As discussed in USPTO FIRES BACK, Synopsys Inc. recently filed a lawsuit against the United States Patent and Trademark Office (USPTO) arguing that the USPTO regularly violates 35 U.S.C. § 318(a) by issuing final written decisions that reach some, but not all of the challenged claims in a petition for Inter Partes Review (IPR). Synopsys, like many petitioners, challenged claims on a variety of grounds. Yet when the Patent Trial and Appeal Board (PTAB) instituted trial, it did not review all of the challenged claims. This led to a final written decision on the patentability of some of the challenged claims, even though the PTAB found a reasonable likelihood Synopsys would prevail on its challenge to the patentability of all challenged claims.

SAS Institute Inc. (SAS) filed a brief in support of Synopsys’ challenge to the PTAB’s current IPR practice. At issue is whether the PTAB’s current practice of reviewing only a subset of challenged claims in post grant proceedings undermines Congress’s intended efficiencies in the America Invents Act (AIA). SAS has an interest in the present case because it had also petitioned for an IPR and the PTAB only instituted review on partial grounds.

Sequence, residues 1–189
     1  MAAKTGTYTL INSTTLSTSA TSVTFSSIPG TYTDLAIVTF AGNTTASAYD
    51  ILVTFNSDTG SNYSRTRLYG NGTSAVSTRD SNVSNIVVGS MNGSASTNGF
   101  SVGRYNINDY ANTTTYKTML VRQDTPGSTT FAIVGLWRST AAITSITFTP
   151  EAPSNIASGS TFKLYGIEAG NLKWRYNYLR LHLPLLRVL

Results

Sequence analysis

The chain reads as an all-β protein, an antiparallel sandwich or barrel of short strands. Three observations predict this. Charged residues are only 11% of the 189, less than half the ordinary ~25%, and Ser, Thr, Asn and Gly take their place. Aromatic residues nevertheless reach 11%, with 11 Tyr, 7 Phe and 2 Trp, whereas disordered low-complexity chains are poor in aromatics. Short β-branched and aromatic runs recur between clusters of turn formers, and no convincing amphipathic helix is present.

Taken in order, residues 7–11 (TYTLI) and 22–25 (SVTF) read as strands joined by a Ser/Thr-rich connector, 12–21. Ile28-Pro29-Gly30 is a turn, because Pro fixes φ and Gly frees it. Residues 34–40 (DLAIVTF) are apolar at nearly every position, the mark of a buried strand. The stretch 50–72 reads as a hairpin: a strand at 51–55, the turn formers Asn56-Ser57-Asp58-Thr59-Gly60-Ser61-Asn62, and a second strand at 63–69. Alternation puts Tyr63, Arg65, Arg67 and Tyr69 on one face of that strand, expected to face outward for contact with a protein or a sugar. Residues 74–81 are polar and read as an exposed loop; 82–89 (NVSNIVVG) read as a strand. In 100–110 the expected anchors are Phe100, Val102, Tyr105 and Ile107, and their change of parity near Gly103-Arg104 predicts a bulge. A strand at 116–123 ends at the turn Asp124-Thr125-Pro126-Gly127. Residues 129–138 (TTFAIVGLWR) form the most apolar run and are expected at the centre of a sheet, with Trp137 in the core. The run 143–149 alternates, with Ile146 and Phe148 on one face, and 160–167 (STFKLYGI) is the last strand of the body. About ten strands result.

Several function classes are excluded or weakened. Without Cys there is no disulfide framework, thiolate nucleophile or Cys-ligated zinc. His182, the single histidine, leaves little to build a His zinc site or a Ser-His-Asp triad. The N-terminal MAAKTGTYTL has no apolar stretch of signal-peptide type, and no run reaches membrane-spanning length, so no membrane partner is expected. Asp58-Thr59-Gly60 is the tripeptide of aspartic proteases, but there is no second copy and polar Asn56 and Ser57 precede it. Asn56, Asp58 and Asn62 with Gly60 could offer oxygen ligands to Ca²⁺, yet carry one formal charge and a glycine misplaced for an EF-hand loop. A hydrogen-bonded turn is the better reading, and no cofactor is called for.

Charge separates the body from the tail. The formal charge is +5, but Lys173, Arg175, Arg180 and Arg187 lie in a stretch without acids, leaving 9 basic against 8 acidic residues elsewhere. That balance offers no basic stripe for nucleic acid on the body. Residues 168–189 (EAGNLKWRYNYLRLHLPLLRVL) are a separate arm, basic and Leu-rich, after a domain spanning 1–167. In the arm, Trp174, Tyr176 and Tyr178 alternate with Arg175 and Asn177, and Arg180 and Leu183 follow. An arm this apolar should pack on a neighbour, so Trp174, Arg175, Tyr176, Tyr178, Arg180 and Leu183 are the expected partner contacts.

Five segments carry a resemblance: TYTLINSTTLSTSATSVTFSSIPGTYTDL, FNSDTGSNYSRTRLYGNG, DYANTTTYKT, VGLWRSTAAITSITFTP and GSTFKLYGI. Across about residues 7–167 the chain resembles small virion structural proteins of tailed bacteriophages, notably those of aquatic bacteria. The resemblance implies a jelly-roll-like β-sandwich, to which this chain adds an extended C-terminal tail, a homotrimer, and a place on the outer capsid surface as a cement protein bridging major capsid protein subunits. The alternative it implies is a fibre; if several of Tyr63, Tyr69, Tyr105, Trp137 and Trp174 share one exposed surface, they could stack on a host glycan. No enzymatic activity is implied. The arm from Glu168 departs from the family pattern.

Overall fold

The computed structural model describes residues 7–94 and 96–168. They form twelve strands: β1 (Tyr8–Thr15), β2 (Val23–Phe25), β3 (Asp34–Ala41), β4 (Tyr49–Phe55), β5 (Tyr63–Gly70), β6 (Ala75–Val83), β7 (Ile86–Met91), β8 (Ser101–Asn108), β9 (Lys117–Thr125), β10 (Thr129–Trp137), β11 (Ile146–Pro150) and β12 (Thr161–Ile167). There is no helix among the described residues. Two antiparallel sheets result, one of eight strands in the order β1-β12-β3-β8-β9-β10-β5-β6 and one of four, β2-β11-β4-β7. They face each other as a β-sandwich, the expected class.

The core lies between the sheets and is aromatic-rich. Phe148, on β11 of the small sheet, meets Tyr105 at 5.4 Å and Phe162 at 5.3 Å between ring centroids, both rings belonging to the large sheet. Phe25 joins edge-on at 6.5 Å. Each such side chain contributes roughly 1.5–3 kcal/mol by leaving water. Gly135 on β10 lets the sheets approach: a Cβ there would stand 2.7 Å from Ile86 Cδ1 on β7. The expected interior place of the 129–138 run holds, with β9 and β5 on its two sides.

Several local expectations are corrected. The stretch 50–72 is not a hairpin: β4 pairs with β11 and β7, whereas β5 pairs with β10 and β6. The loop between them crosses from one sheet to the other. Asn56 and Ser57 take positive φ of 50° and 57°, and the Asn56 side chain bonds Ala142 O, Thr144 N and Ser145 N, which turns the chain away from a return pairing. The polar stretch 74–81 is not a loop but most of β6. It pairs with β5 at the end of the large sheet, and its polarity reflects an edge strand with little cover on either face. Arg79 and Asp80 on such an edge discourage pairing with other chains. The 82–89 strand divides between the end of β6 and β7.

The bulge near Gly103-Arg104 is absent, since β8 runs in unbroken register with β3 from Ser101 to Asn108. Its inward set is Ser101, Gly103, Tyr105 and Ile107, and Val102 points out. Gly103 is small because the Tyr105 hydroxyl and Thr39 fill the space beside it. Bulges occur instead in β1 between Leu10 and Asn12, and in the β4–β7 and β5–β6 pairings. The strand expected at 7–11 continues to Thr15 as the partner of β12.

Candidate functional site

In its brief in support of Synopsys, SAS addresses three important points that were not fully previously addressed by the parties’ briefs:

  1. Final written decisions directed to less than all the challenged claims have impacted over 20% of PTAB proceedings and will continue to impact a substantial amount of proceedings.
  2. By not addressing all of the challenged claims, the USPTO creates more work for the district courts, which undermines the intended efficiencies of the AIA.
  3. The district court is the proper venue to address this issue, and should not dismiss this case since the Federal Circuit does not have jurisdiction over claims that were not actually addressed in a final written decision of the PTAB.

All parties agree that the intention of the AIA is to streamline patent cases. According to SAS, a stayed case is simplified when the USPTO reviews claims and they are either canceled or survive review. The canceled claims entirely disappear from litigation, and the surviving claims return to district court with a statutory estoppel. Thus, the accused infringer is prevented from making the same invalidity arguments again. However, any claims that are challenged, but not reviewed at the USPTO are returned to the stayed cases, saddling the district courts with additional work instead of streamlining the case.

Though not addressed in the SAS brief, the plaintiffs and defendants are also forced to perform redundant work by readdressing arguments already presented during the IPR under different standards of proof. Thus, instead of simplifying a stayed case, the PTAB might actually be creating more work for courts that have petitioners simultaneously challenging claims at the PTAB.